If the message is found to be unfavorable for a hand-off--e.g., information rate is above a predetermined threshold--the routine returns to block 201. If the message is favorable for a hand-off, a hand-off is requested (205). The hand-off request message might be sent via the current traffic channel--e.g., in a blank and burst fashion--or via an associated control channel. The repeater or central controller then determines the best candidate site for hand-off, based on information received from the requesting communication unit, as well as other information available to it, as well known in the art. For communication units that are operating in half-duplex mode, the message might well consist of well defined portions, often themselves called transmissions. Each transmission ends with an end-of-transmission (EOT) indicator. An EOT indicator can be any signal or code word (for digital systems) that is present somewhere within the message (or is sent via another channel). The purpose of the EOT indicator is to notify the receiving communication units that the transmitting communication unit has completed it's transmission, in which case the receiving communication units may bid for control of the channel and thus the ability to begin their own transmission. Due to the nature of such a system-humans listening to another's transmission and responding with one of their own--there exists a finite human response time lapse, during which the information rate on the channel is low. That is, upon detecting the EOT indicator, the receiving operator mentally formulates the response, and attempts to do so by requesting to transmit--e.g., by depressing the push-to-talk (PTT) button on the radio. Thus, a typical human response might be on the order of 0.5-2.0 seconds.
In a preferred embodiment for communication units operating in half-duplex mode, a favorable period to request a hand-off--i.e., a window of favorability--might be defined as a time period substantially immediately following detection of the EOT indicator, as later described. The length of this window can be fixed to a predetermined value--by either the system or the user--or can vary depending upon certain characteristics of the current message. For example, if the response times measured during the current message were shorter than anticipated, the window could be narrowed accordingly. Nonetheless, the size of the window of favorability would be on the order of an average response time.
It is important to note that, hand-off requests may, in an alternate embodiment, be permitted outside of the window of favorability, but preferably only in those cases where the signal quality of the message is so poor that the signal degradation is worse than that caused by a message interruption--e.g., an audio hole. That is, the desired likelihood of hand-off requests occurring only during the window of favorability might be selected by choosing the appropriate disparity between the levels of the signal quality threshold inside and outside of the window of favorability. In particular, signal quality threshold values may be variably set for different portions of the message. As an example, hand-offs could be completely disallowed outside of the window of favorability by merely setting the signal quality threshold in that region to an extremely low signal quality level that can never be realistically attained.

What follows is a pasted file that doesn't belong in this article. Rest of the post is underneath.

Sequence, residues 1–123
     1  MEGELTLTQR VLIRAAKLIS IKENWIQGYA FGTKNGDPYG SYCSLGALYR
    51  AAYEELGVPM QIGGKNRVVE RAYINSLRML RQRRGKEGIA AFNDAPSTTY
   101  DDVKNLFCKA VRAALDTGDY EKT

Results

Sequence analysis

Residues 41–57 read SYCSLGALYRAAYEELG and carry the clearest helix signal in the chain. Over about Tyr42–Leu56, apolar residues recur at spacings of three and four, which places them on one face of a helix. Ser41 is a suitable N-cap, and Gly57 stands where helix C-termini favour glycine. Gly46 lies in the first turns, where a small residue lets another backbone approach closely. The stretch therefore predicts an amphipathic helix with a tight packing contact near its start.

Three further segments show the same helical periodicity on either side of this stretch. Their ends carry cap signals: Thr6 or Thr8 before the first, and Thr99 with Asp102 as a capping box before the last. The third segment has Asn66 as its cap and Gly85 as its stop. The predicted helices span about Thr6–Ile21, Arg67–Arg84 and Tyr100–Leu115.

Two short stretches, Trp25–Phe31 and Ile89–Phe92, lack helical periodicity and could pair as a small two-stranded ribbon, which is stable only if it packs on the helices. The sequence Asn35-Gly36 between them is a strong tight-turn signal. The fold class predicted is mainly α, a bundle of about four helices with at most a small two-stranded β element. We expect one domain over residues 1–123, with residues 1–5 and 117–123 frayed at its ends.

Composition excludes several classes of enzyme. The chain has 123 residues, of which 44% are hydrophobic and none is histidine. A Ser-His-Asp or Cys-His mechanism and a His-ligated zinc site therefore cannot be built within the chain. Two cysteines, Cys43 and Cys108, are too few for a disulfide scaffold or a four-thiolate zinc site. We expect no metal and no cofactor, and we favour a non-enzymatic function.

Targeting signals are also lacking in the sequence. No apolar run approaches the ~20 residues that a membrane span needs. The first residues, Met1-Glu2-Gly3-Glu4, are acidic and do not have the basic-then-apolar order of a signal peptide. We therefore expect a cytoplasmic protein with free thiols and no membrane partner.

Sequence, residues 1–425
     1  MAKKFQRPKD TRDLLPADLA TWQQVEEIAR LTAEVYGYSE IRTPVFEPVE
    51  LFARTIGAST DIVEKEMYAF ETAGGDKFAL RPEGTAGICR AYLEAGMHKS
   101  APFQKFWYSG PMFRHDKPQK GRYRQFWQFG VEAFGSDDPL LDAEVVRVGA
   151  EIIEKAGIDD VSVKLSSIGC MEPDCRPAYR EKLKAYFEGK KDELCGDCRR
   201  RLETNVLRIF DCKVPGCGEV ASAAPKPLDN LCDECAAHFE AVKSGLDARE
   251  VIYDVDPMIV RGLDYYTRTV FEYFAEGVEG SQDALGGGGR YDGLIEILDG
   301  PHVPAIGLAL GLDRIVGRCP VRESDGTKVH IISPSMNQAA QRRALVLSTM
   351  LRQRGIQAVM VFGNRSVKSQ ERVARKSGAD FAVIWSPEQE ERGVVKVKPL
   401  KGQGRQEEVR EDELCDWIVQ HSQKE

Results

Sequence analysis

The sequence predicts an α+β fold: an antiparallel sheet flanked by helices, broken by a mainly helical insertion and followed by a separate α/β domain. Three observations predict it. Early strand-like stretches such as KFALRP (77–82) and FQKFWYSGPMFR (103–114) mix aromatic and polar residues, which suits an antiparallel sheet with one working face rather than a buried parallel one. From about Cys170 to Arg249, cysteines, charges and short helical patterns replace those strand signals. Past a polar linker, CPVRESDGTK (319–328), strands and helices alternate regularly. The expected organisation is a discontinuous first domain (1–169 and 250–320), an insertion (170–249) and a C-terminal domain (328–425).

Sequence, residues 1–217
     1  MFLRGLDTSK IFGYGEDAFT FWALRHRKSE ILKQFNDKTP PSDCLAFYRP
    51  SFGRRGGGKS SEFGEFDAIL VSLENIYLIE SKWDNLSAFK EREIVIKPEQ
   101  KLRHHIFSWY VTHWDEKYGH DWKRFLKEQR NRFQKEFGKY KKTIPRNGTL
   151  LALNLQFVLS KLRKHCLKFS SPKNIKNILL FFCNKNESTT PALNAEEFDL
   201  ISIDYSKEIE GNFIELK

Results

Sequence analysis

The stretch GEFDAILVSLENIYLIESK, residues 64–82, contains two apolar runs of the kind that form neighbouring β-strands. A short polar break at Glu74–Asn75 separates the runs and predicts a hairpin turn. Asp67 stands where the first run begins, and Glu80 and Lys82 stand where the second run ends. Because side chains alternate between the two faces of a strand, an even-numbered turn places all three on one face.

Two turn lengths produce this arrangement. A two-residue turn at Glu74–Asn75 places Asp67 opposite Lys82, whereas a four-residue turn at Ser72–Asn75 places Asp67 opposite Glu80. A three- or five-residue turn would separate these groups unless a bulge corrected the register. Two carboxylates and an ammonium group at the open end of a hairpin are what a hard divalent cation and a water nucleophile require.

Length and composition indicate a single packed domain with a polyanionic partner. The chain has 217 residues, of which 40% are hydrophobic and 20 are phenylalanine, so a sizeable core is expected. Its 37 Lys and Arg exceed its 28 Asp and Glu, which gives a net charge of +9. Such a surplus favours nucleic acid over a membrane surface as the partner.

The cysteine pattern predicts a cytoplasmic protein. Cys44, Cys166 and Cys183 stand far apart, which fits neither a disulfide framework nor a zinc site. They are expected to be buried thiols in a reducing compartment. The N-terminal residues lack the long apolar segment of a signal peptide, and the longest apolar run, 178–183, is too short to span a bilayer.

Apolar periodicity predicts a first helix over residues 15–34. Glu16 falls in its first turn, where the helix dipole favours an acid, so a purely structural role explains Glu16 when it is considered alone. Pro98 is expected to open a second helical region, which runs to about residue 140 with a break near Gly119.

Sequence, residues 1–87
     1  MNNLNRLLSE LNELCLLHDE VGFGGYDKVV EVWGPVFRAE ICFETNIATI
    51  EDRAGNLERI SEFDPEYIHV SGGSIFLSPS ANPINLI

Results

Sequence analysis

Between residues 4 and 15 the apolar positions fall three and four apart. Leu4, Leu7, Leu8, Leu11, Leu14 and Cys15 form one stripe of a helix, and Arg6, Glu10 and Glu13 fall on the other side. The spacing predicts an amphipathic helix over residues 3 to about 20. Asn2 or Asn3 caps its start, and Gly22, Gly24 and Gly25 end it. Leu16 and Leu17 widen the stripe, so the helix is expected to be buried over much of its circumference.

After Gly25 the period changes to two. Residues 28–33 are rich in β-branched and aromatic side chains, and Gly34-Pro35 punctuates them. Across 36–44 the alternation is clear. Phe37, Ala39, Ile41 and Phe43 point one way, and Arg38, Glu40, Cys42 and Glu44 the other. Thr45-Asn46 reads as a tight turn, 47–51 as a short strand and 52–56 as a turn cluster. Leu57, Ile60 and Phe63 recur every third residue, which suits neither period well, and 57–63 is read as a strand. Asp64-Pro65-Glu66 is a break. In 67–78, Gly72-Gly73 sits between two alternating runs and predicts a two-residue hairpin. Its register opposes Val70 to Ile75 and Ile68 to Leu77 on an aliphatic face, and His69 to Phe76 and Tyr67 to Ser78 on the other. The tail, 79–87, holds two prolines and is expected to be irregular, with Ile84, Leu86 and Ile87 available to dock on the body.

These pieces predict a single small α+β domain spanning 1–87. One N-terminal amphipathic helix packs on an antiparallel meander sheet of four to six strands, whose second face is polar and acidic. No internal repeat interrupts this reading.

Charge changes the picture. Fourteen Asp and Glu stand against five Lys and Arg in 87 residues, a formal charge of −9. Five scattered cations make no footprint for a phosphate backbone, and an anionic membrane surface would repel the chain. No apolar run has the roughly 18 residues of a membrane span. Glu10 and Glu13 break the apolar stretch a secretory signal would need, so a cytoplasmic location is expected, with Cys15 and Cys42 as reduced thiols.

In addition, the signal quality threshold could be set to a predetermined value depending on the type of information currently being transmitted. Namely, if the information is pure data, the signal quality threshold could be set to a rather high value regardless of the window of favorability. However, if the information is voice, the signal quality threshold--both inside and outside of the window of favorability--might be less restrictive. Further, the signal quality threshold can be set by either the system or the user. For example, depending on whether or not the user is willing to tolerate some degree of degraded audio, the user might select the point at which hand-offs are forced to occur by adjusting the signal quality threshold level at points away from the window of favorability.
In addition to, or in the alternative, the signal quality threshold might be allowed to vary based on certain performance factors. One such factor might be the length of time that the current transmission has been active. If the current transmission has lasted for a relatively long period of time--e.g., based on some predetermined average--the signal quality threshold might be adaptively raised to accommodate the probability that the need for a hand-off is likely increasing. In like manner, the signal quality threshold level and the window of favorability can be inter-dependently altered to effect an optimal hand-off request point.
For communication units that do not operate in half-duplex mode--e.g., full-duplex--an information rate estimator can be designed to determine suitable periods of time within the message to request a hand-off. As an example, an information rate threshold could be established to compare with the information rate estimate. If the information rate estimate falls below the information rate threshold, the information rate will be considered sufficiently low to allow a hand-off request. Otherwise, a hand-off request would not be permitted. The information rate threshold might be a predetermined value set by either the system or the user. Further, the type of information being transmitted might also affect the information rate threshold--e.g., the threshold may be set to a higher level for pure data than for voice.